As long as I am fantasizing, let me assure you the results will be amazing. On the one hand, we will have evidence that musical exchanges can help to strengthen some of the most vulnerable relationships as they begin. On the other hand, pediatricians will realize that songs are powerful diagnostic tools for examining attachment, emotional health, and language development. Simply put, song charts will replace height and weight charts. The World Health Organization will announce that the musical capacity to invent on someone else’s behalf and the capacity to respond with delight are powerful predictors of lives that will be well-lived.

While researchers in the commercial sector long ago developed methods for gauging consumer tastes and preferences for different product attributes, research on preferences in the arts sector is still nascent. In light of our recent work over the past year investigating tastes across disciplines (primarily theatre, music, dance, and opera), it is clear that many audience members have little idea how to describe what they like and don’t like. The “I just know it when I see it” answer is not sufficient, and can be misleading.

Although we have begun to re-organize our understanding of preferences in the performing arts, we have yet to truly break down the walls around visual arts preferences. I would propose one possibility: install a heatmapping survey system that allows museum visitors to express which works of art in a gallery or exhibition are most appealing, striking or moving. Using interactive touchscreen devices, visitors would review images of each work, and simply touch the parts of each image to indicate which elements were most compelling. Heat maps and “hotspots” would be visible to visitors as they enter the museum, and on the website. Museums might even consider promoting a “hotspot of the week.”

Our work in the classical music field deepened greatly over the past year, leading to more questions and a few revelations. One of those revelations, which arose from several studies of the music preferences and concert-going habits of younger adults, is that for many, music is fundamentally a visual experience as well as an aural one. A hypothesis, I suppose. For a generation that grew up with music videos and now YouTube, the piling on of sensory stimuli is hardly news. The inter-relationships between sight and sound are constantly negotiated in film, dance, and theatre, but presenters of live jazz and classical music are often less comfortable in this nexus. I dream about a study that brings more clarity to the relationships between live music and visual stimuli of different sorts. As part of the study, lighting artists and filmmakers — drawing on the full panoply of new technologies — would be commissioned to create original visual elements for specific pieces of music. What works artistically, and what doesn’t? For whom is the live music experience enhanced by visual elements, and for whom is it degraded? Is visualization of music a long-term opportunity for building demand?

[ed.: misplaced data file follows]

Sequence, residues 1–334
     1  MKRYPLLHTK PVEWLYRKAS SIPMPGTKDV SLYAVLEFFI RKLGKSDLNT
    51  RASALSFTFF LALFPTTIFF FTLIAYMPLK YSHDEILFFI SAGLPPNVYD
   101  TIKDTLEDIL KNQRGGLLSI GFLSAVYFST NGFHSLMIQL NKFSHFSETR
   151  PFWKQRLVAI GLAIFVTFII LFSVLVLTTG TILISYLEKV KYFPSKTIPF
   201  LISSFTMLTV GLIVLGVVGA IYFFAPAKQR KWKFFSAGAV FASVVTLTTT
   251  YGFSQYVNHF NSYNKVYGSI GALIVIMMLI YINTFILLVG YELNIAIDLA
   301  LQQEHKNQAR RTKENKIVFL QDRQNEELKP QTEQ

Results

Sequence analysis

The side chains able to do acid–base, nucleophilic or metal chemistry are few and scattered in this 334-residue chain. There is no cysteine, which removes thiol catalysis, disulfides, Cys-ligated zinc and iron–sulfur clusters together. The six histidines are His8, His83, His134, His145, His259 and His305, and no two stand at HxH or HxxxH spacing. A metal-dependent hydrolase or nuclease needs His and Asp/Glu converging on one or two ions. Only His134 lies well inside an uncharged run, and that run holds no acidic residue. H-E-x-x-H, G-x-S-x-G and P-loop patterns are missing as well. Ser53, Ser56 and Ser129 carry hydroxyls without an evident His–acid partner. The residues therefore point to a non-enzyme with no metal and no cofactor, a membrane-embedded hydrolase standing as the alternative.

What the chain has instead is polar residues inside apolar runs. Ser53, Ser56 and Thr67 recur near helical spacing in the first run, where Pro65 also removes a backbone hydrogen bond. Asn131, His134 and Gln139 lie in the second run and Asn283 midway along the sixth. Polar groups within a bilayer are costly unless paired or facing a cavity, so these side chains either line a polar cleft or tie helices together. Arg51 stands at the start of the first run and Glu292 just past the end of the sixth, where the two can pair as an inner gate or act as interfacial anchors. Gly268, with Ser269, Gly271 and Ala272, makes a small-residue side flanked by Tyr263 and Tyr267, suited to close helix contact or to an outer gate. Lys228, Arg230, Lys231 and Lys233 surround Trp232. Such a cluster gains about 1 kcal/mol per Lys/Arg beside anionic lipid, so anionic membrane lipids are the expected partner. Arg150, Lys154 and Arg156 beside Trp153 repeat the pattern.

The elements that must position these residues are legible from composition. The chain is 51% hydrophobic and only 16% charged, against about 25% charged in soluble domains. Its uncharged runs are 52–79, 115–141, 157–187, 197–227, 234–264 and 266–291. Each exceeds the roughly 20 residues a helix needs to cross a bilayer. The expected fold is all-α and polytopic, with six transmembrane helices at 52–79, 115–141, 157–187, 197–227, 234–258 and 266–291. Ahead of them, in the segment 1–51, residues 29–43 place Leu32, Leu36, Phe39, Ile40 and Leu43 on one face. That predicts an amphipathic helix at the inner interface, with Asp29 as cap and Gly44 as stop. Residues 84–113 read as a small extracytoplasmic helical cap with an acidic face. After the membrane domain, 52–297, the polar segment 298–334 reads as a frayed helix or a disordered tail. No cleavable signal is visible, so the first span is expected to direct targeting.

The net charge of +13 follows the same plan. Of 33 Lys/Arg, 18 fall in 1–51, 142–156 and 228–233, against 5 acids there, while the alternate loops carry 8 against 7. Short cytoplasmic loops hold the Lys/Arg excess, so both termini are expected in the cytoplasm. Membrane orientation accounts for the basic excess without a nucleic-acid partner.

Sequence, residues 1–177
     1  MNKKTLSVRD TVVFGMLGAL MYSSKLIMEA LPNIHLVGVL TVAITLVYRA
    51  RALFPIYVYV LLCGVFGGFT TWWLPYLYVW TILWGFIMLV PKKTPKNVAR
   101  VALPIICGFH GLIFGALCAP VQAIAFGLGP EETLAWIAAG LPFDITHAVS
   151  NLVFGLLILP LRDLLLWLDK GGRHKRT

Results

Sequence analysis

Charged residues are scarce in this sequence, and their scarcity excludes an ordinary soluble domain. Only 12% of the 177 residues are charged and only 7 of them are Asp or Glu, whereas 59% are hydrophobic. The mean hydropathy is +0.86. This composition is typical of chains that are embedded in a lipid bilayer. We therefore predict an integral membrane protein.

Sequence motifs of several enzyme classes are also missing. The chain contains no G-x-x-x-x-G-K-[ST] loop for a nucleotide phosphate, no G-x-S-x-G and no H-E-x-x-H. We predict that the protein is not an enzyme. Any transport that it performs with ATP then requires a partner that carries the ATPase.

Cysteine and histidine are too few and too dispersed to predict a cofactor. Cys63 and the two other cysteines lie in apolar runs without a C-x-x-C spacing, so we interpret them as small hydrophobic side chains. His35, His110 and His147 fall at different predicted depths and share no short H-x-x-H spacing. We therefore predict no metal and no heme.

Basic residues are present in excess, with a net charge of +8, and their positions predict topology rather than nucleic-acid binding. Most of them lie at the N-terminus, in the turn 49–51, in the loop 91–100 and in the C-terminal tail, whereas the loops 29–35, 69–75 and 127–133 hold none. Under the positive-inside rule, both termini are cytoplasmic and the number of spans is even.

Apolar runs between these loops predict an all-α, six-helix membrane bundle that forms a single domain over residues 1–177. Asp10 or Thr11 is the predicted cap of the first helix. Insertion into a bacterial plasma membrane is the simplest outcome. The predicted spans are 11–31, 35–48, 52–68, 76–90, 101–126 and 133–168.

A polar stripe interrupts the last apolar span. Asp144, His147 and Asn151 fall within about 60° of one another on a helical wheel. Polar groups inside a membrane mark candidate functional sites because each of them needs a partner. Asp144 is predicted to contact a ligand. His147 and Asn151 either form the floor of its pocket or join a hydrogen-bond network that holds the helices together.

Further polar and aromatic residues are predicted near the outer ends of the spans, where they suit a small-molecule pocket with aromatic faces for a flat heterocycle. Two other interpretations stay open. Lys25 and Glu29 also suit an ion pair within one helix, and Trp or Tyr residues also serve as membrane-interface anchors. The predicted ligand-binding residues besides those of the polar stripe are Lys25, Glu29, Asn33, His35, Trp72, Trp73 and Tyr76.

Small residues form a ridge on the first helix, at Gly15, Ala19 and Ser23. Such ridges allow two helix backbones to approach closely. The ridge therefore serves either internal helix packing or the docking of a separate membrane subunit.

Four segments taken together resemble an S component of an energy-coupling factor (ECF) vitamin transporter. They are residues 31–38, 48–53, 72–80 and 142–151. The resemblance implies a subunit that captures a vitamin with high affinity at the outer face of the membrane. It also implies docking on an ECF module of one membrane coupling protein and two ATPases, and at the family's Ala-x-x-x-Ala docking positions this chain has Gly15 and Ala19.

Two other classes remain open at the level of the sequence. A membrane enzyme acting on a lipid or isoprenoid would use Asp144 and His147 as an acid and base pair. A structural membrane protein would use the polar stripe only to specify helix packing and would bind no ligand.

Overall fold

While most non-profit arts organizations are active on at least one social networking site, few have fully adopted what non-profit social media expert Beth Kanter calls the “network mindset.” A network mindset engenders participation, openness, and collective action. It is about engaging external stakeholders as well as internal ones, and using network cultivation to listen and achieve impact. Indeed, non-profits employ social media tools like Facebook and Twitter to build communities and audiences, but generally pay less attention to the larger organizational implications of the social shift surrounding these devices. We live in a world where stakeholders expect deep engagement: social missions, compelling storytelling, and even social design continue to blossom into increasingly essential business concepts. Now, “social”- beyond a simple platter of platforms for engagement – requires that organizations also redesign how they work.